Tuesday, July 27, 2010

Fairy Slipper (Calypso bulbosa)

Calypso bulbosa, the Fairy-slipper orchid, is without doubt one of our most beautiful natives and is found from Alaska all the way across Canada and in the northernmost United States, including the Pacific Northwest, the upper Great Lakes area and northern New England.

The plant is almost always found in shaded areas, often along trails and openings in the woodlands where its bright pink color stands out and is easily seen, even though the plant and flower are very small, the plant usually about 20 cm or less and the flowers about 3 cm.

There are some variations, but the plant is usually single flowered and usually has a single leaf that persists after the flower is finished. It is relatively common in our area and we have almost always found it when hiking in the spring in the North Cascades.

Its common name is Hider-of-the-North, a very appropriate name because of its small size and also because it is usually found as a single plant and flower, though when it is happy it will often form large stands, but these are vulnerable to changes in the habitat.

There are actually four varieties of this orchid, one variety found only in Japan and another found across northern Eurasia. The other two are found in North America, varieties americana and occidentalis, both of them shown below and distinguished by the color of the "beard."

Calypso bulbosa var. americana, the Eastern Fairy Slipper, is the more common variety and the only variety found east of the Rocky Mountains. It is easily distinguished by its yellow beard and white lip and is the more brightly colored of the two North American varieties.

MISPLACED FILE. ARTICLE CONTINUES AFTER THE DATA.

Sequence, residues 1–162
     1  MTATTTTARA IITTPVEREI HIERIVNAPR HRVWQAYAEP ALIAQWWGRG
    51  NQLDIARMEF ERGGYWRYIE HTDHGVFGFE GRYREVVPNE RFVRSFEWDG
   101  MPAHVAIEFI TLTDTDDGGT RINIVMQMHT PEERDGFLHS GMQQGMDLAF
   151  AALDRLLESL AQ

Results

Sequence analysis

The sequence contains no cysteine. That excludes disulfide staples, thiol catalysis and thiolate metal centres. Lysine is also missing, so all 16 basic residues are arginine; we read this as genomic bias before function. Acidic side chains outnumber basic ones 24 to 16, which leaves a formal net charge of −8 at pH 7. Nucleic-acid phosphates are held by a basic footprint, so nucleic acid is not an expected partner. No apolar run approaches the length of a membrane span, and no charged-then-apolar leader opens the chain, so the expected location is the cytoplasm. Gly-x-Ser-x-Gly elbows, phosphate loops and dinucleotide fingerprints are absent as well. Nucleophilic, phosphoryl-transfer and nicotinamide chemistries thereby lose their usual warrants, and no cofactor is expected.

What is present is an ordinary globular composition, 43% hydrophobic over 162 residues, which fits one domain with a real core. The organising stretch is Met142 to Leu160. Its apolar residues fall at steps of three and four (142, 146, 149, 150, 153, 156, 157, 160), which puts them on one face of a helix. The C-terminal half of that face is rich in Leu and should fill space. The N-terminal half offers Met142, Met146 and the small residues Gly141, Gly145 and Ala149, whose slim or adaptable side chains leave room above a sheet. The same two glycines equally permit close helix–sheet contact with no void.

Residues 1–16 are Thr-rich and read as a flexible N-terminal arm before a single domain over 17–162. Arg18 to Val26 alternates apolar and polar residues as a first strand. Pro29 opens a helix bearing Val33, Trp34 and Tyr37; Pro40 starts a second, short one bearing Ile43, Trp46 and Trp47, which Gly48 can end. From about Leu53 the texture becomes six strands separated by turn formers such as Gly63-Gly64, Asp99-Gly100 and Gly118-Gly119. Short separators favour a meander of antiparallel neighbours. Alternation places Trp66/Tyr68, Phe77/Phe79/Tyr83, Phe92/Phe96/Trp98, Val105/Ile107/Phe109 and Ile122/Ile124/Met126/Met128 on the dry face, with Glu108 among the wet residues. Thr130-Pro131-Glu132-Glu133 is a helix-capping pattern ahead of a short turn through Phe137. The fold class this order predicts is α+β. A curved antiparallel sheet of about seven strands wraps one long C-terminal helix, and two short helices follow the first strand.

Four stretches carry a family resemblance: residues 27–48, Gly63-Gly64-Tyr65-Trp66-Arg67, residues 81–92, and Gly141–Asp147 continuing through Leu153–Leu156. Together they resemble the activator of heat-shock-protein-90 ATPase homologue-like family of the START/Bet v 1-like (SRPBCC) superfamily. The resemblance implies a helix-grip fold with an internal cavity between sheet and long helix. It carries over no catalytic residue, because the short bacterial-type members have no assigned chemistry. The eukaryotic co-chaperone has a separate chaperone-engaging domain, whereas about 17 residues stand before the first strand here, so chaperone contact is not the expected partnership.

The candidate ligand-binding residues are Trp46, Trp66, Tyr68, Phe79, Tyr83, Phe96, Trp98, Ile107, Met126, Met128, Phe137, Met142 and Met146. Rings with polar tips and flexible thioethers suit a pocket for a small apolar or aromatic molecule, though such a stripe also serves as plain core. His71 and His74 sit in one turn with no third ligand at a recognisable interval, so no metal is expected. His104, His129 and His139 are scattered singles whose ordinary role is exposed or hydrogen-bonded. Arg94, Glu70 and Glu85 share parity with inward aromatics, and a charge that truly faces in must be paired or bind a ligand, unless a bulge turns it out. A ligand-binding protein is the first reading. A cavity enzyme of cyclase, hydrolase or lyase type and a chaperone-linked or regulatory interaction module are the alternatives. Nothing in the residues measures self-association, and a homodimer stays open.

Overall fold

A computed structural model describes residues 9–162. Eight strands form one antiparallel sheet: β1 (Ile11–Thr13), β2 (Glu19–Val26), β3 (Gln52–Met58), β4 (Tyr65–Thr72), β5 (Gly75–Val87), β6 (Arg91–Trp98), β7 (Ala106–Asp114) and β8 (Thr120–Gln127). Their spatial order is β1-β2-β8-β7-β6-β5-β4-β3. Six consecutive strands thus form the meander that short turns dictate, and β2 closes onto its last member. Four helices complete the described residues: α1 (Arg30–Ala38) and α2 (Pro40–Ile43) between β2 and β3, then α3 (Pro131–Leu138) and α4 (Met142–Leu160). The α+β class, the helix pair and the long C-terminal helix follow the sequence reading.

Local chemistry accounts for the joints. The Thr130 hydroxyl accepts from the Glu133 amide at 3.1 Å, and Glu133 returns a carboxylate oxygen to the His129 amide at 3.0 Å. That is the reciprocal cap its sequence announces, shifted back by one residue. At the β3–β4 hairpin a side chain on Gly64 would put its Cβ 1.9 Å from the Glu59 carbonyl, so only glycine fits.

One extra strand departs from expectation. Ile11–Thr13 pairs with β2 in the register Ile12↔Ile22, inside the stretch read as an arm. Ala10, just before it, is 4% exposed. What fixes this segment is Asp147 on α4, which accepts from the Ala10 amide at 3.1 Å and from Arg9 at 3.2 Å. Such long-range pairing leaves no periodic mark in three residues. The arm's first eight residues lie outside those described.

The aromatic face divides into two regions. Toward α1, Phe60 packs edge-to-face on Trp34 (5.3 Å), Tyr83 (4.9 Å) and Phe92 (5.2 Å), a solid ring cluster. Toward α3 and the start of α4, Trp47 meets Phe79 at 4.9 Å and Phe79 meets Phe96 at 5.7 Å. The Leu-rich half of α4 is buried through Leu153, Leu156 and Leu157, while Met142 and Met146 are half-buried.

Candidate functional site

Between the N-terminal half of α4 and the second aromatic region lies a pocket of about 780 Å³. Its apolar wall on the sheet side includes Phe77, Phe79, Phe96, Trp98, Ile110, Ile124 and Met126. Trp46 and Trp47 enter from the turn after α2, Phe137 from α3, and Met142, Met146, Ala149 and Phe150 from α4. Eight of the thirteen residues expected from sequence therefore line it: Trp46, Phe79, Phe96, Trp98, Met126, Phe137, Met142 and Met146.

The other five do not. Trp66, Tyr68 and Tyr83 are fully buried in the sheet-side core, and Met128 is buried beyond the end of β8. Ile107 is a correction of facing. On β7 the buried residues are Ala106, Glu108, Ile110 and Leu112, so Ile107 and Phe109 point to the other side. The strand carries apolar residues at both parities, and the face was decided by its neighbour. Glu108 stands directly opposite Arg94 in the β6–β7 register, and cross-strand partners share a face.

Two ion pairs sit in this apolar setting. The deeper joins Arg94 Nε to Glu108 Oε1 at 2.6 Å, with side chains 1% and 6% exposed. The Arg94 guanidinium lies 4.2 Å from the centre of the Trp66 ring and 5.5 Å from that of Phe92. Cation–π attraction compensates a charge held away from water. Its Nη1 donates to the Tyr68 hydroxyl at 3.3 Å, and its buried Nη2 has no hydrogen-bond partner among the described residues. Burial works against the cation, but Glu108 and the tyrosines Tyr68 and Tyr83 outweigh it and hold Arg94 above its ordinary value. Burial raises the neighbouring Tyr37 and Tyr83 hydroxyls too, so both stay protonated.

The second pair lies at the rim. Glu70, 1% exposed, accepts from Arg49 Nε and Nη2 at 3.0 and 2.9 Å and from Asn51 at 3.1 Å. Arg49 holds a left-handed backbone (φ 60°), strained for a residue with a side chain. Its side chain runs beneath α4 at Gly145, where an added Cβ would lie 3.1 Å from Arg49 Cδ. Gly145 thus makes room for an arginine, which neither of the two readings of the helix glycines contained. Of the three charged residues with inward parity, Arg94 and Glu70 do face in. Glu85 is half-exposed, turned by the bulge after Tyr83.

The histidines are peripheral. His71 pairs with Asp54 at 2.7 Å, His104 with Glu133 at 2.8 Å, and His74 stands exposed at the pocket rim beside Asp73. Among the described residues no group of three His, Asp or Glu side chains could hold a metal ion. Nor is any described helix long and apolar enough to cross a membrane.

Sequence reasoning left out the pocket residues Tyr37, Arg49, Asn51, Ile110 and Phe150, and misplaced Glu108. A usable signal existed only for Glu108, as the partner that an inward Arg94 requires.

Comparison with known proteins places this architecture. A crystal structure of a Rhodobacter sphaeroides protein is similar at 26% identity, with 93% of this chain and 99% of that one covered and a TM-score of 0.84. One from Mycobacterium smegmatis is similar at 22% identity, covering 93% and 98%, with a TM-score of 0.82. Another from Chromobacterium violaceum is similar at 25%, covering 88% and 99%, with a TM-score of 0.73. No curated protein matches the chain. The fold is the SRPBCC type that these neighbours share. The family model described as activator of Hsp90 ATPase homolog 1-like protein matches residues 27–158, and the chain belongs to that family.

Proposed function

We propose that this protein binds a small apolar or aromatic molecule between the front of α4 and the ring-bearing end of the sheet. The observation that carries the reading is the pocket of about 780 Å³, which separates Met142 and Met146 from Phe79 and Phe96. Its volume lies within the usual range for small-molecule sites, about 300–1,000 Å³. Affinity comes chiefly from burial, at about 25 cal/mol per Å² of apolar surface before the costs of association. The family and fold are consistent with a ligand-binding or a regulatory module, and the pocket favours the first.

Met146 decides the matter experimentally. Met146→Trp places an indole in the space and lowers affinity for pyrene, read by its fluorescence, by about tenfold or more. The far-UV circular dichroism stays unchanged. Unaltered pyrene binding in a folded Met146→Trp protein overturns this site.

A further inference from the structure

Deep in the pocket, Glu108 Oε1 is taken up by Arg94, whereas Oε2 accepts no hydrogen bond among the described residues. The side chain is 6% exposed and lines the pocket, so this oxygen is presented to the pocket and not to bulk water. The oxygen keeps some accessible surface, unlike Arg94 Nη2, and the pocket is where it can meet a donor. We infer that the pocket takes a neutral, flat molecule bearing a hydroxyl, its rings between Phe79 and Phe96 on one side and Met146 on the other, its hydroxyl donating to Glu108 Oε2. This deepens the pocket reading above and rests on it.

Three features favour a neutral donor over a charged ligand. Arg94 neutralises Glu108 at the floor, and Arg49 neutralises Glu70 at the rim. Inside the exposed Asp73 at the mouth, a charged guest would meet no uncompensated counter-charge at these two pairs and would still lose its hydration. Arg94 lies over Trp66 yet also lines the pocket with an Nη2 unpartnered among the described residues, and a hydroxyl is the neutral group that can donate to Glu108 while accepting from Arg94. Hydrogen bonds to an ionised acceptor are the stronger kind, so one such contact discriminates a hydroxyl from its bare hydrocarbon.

Calypso bulbosa var. occidentalis, the Western Fairy Slipper, is found only in the Cascade mountain range and west of the Rockies in Alaska, British Columbia, Washington, Oregon, California, Idaho and Montana. It has a white beard and a lip that is heavily spotted with brownish-purple.  It is, in our area, by far the more common variety and the one we have seen most often.


Anonymous said...

Fantastic collection of Calypso photos, Ron! Very clear description of the two C. bulbosa varieties found in the U.S. I've always thought that the yellow-lipped form must just be some type of variation that I've not seen. Now I know.


Ron said...

Interesting, isn't it, how plants vary geographically? There is also a third variety that is found in Japan!

Unknown said...

Spotted two of these in the Mission Tribal Wilderness of Montana. The low foothill canyons are interior temperate rainforest.


Ron said...

I thought yours would be the Eastern Fairy Slipper with the yellow on the lip but it isn't. It's the Western variety. Nice find.

Brinser said...

I want to know what the role of it is in the Taiga! Otherwise, I liked it.

Ron said...

Thanks for the comments.